Widespread implementation of geological storage of CO2 requires an understanding of dissolution reactions with formation minerals. This will be aided by reactive transport modeling, which relies on accurate estimates of the accessible surface areas of reactive minerals in consolidated sedimentary rocks. For three Viking sandstones (Alberta sedimentary basin, Canada), we have employed backscattered electron microscopy and energy dispersive X-ray spectroscopy to examine mineral content and to statistically characterize mineral contact with pore space. Porosities range from 20% in a lightly-cemented sandstone with grains on the order of 100 μm, to 8% in a highly-cemented shaly sandstone with a mix of primary pore space and fractures, to 7% in a lightly-cemented conglomerate sandstone with grain sizes between 500 μm and 1 mm. In all three specimens, kaolinite is the primary authigenic clay mineral cementing quartz grains. It accounts for only 5% to 31% of mineral content, but 65% to 86% of pore-mineral contact boundaries. The sandstone specimen has 6% minerals in the "reactive" category, which in this study includes minerals other than kaolinite and quartz, such as K-feldspar, apatite and pyrite. For this specimen, only one third of the reactive minerals are accessible to pore fluids due to clay-mineral grain coatings. For the shaly sandstone, only one fifth of its 5% reactive minerals are accessible to pore fluids due to regions of cementation of fine detrital matrix. Thus, if a mineral volume fraction is used in reactive transport modeling as a proportional measure of accessible surface area in consolidated sandstones, the reaction rates are likely to be overestimated by three to five times. The conglomerate sandstone has only 1% of its mineral matter in this category, and these are often found as inclusions rather than grains.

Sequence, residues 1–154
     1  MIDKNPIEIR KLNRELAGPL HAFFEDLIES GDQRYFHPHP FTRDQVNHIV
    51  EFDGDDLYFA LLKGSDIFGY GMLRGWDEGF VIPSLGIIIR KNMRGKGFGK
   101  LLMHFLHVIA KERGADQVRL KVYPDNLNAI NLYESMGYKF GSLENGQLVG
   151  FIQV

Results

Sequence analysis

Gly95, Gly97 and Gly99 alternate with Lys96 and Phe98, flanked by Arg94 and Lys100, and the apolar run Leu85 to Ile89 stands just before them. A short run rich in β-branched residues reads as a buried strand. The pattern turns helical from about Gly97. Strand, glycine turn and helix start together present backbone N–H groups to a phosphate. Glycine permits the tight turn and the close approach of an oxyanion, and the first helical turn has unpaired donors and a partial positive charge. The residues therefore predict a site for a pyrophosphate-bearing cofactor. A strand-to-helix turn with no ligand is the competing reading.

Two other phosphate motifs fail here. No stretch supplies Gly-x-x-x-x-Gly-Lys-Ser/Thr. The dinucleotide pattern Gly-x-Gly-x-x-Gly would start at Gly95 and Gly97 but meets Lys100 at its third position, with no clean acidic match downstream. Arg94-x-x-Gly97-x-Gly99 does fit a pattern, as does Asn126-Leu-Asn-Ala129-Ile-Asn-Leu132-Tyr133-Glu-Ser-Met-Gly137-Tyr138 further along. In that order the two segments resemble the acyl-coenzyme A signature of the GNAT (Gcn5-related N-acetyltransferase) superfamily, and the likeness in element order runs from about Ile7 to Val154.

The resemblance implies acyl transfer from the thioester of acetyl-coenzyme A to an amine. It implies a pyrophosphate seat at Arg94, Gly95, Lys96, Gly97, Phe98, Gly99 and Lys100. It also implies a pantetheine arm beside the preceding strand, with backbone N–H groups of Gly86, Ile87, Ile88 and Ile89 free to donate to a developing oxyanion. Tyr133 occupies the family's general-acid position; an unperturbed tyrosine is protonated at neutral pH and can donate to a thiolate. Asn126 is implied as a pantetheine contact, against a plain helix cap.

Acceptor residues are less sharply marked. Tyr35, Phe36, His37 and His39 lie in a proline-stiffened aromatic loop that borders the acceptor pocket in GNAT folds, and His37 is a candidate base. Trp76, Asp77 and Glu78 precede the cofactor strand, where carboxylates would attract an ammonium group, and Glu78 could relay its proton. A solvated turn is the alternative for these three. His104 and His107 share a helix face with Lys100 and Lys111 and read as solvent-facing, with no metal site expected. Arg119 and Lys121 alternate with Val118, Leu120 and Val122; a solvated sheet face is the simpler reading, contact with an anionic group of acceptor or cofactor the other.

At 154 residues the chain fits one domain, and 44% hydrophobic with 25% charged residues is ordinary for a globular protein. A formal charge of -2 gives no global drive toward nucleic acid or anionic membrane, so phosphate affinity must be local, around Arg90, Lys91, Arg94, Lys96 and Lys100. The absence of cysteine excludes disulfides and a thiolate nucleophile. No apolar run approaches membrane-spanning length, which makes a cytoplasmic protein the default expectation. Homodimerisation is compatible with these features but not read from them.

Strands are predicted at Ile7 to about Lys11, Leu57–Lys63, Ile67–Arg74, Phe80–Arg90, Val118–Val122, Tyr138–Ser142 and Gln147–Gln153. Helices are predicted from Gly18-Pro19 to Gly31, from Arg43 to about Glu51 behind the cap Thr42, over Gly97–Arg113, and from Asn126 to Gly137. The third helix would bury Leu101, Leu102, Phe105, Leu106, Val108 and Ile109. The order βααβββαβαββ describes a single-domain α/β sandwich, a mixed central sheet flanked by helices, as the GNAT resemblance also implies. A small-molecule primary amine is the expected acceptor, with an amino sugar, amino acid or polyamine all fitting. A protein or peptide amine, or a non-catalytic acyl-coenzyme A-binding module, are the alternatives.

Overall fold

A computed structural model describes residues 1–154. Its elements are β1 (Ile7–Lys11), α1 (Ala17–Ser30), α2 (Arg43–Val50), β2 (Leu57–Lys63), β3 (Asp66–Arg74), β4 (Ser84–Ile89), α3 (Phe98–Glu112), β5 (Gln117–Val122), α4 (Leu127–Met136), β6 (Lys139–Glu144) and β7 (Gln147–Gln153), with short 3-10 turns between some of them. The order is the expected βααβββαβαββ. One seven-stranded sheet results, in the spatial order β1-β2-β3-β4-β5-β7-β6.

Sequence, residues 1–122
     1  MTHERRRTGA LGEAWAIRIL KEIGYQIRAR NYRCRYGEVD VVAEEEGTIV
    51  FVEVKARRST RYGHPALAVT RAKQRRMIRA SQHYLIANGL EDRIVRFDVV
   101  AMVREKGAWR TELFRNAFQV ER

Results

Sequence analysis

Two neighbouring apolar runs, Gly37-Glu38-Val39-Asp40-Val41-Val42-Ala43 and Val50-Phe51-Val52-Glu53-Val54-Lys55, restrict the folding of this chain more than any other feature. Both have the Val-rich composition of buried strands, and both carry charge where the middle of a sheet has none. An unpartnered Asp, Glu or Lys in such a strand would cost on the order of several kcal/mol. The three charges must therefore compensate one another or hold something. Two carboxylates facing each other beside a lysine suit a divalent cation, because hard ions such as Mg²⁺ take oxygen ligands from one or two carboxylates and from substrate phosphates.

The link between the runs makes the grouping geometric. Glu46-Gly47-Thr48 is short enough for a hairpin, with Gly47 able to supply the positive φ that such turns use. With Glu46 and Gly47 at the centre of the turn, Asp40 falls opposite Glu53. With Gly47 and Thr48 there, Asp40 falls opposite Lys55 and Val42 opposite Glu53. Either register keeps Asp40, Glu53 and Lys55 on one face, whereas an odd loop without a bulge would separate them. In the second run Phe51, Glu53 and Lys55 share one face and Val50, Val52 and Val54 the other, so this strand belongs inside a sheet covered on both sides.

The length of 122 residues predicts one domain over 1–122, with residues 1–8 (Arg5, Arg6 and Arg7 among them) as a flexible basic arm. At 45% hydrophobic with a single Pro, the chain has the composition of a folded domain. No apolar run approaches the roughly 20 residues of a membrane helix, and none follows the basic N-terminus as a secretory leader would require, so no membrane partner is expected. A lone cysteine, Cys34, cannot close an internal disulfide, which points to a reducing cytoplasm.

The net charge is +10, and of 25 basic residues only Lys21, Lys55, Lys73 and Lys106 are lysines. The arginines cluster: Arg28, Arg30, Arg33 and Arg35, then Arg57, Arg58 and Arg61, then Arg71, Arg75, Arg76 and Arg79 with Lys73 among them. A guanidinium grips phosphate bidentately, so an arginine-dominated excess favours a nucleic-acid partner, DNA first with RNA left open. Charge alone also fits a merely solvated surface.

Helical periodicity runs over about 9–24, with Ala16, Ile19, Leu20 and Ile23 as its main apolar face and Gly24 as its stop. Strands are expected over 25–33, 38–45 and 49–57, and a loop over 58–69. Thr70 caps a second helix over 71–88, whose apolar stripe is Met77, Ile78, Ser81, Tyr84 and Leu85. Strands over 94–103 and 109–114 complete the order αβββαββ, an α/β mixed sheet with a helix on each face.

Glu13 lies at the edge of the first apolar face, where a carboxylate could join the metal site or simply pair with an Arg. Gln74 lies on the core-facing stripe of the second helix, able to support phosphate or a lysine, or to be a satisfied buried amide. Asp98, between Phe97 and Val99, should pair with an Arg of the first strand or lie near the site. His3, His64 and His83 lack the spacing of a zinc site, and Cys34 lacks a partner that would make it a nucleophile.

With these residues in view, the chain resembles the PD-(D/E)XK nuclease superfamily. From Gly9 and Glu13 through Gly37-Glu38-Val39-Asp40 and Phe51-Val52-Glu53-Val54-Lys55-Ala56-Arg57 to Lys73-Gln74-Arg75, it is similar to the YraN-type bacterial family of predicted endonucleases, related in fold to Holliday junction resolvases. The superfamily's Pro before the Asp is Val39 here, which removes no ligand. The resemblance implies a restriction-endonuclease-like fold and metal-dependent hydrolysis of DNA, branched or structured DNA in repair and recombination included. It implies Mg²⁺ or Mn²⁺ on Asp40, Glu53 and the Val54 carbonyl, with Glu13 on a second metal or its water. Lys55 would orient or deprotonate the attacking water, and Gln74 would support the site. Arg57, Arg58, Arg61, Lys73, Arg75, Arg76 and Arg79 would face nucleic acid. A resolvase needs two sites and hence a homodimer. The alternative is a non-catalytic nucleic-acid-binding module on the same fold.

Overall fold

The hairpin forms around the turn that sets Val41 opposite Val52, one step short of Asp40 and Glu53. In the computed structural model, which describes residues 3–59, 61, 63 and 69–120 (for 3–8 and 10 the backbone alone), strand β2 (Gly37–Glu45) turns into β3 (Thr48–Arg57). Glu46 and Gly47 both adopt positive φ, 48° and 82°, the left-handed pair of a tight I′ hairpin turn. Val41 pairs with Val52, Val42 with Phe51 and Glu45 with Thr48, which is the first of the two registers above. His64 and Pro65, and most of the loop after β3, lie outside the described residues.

All Science Journal Classification (ASJC) codes
- Geochemistry and Petrology
- Backscattered electron microscopy
- Carbon dioxide
- Geological storage
- Reactive transport
- Surface area